"I will, I will—with practice."
"You'll get used to it," said Mrs. Marden, in a tone I never forgot. "But go and join them—I'll come in a moment."
I passed out to the terrace and I felt that I had a part to play. So far from dreading another encounter with the "perfect presence," as Mrs. Marden called it, I was filled with an excitement that was positively joyous. I desired a renewal of the sensation—I opened myself wide to the impression, I went round the house as quickly as if I expected to overtake Sir Edmund Orme. I didn't overtake him just then, but the day was not to close without my recognising that, as Mrs. Marden had said, I should see all I wanted of him.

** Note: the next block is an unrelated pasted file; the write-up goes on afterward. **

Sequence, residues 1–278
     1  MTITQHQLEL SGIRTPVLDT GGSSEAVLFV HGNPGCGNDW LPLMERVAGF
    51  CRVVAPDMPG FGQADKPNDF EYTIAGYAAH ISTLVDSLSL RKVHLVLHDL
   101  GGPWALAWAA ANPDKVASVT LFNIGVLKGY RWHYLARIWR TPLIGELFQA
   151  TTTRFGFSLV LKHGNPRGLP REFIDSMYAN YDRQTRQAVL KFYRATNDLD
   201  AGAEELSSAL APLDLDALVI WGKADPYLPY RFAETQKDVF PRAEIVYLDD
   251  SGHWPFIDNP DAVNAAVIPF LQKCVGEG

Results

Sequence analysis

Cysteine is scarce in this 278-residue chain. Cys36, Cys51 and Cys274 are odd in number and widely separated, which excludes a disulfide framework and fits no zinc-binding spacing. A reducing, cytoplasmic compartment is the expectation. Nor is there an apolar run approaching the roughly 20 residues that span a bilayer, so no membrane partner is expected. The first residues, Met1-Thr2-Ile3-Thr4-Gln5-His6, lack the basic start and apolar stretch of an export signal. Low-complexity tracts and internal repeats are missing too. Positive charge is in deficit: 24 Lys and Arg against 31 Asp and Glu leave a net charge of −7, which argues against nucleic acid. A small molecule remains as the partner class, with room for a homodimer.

We took, or most of us took, the collective sociable walk which, in the English country-house, is the consecrated pastime on Sunday afternoons. We were restricted to such a regulated ramble as the ladies were good for; the afternoons, moreover, were short, and by five o'clock we were restored to the fireside in the hall, with a sense, on my part at least, that we might have done a little more for our tea. Mrs. Marden had said she would join us, but she had not appeared; her daughter, who had seen her again before we went out, only explained that she was tired. She remained invisible all the afternoon, but this was a detail to which I gave as little heed as I had given to the circumstance of my not having Miss Marden to myself during all our walk. I was too much taken up with another emotion to care; I felt beneath my feet the threshold of the strange door, in my life, which had suddenly been thrown open and out of which unspeakable vibrations played up through me like a fountain. I had heard all my days of apparitions, but it was a different thing to have seen one and to know